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Kristaps Porzingis' competitive fire shows for Knicks

New York Knicks forward Kristaps Porzingis looks to

New York Knicks forward Kristaps Porzingis looks to pass in front of Milwaukee Bucks forward Khris Middleton during the second half of an NBA basketball game at Madison Square Garden on Friday, November 6, 2015. Credit: Kathleen Malone-Van Dyke

Kristaps Porzingis was matched up against LeBron James, and the Cavaliers superstar took it right at the unproven rookie.

Advantage James, one would think. But it wasn't. Porzingis negated James' layup with his long arms.

The next time James got it against Porzingis, he drove on him again. Porzingis moved his feet and played good defense. This time, though, James scored and was fouled.

Porzingis is not going to stop every shot, but the fact that he didn't back down from one of the most physical players in the league should tell you plenty about the 7-3 Latvian.

He likes challenges. He wants to be good. And he doesn't understand why everyone seems so surprised when he plays aggressively, and why he's constantly asked about it.

"It's a weird question," Porzingis said. "That's the way I should be. I should be aggressive on the court, especially now playing in the NBA. I always got to stay sharp and aggressive on the court. That's the way I am. That's the way I should play always. Those moments when I'm not aggressive, I catch myself."

The 20-year-old is off to a better start than people not named Kristaps Porzingis expected. He came in with plenty of questions about him after the Knicks took him with the fourth pick in the draft, and he was dubbed a project who needs time to develop. He still needs time to develop, but he has been impressive.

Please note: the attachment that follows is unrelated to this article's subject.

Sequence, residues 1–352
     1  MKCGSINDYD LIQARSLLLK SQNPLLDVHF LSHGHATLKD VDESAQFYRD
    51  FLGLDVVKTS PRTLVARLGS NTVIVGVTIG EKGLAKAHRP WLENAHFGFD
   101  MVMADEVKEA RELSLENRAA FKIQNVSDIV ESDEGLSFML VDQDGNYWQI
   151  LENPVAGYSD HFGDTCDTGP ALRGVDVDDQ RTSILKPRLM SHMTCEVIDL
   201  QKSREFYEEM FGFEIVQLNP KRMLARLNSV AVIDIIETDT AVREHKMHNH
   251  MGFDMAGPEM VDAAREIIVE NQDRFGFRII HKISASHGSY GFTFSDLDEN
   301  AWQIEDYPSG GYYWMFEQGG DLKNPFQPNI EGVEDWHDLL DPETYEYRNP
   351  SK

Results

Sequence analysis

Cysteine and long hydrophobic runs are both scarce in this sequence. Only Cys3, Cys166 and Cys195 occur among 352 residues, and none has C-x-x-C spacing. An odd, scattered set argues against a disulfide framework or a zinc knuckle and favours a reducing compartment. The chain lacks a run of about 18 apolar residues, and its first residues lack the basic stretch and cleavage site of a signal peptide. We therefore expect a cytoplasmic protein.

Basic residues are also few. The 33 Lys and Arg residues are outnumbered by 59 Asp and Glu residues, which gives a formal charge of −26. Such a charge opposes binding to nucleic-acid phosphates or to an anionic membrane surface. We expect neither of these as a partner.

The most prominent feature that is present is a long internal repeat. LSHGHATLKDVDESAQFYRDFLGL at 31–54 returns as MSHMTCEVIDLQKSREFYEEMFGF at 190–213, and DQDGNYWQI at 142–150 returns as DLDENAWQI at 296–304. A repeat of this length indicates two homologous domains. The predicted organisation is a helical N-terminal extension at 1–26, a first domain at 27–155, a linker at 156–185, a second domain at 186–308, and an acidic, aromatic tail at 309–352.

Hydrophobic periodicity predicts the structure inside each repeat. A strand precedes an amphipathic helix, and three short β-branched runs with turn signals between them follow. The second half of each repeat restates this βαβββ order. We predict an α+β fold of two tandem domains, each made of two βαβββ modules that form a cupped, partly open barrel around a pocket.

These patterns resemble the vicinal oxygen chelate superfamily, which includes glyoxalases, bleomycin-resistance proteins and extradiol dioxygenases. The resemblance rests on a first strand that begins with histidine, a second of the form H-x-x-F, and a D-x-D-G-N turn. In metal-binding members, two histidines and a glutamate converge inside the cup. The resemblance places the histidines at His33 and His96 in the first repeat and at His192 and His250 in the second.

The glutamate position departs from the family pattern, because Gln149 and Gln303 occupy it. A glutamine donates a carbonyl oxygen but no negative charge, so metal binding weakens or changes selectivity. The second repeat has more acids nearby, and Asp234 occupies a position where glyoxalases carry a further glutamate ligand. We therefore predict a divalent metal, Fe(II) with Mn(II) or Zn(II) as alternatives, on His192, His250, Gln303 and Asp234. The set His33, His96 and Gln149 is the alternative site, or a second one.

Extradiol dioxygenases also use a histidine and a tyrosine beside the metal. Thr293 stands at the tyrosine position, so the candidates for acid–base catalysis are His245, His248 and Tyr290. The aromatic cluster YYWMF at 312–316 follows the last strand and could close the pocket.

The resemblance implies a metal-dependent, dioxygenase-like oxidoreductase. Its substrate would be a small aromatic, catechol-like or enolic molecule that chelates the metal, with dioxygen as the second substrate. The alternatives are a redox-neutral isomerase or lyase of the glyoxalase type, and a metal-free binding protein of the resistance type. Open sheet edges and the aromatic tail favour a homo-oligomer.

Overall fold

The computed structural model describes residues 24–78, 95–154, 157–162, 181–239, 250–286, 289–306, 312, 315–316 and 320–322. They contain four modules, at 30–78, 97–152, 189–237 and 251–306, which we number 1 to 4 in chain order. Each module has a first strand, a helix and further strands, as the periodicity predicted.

He had a double-double against a front line that featured Tim Duncan and LaMarcus Aldridge and enters today's game averaging 18.5 points, 12.5 rebounds and 1.8 blocks per 36 minutes.

If he hadn't gotten into foul trouble, he might be playing closer to that time and producing those kinds of numbers. Instead he has played only 24 minutes per game.

It was interesting that when Porzingis spoke about aggressiveness, he brought up Russell Westbrook as someone he can follow. The Thunder guard always is attacking.

No one expects him to be Westbrook. They play different positions and besides, few have Westbrook's athleticism and overall desire to win. But if Porzingis can develop that mind-set -- and he has shown he can attack the basket -- it will make the Knicks look even smarter for taking him fourth.

"It's not that I have to prove anything or that I can relax," Porzingis said. "That's the way I should be every day. For example, Russell Westbrook, he never relaxes. He's always super-aggressive. That's the way you have to be. You have to have that mentality every time you step on the floor."

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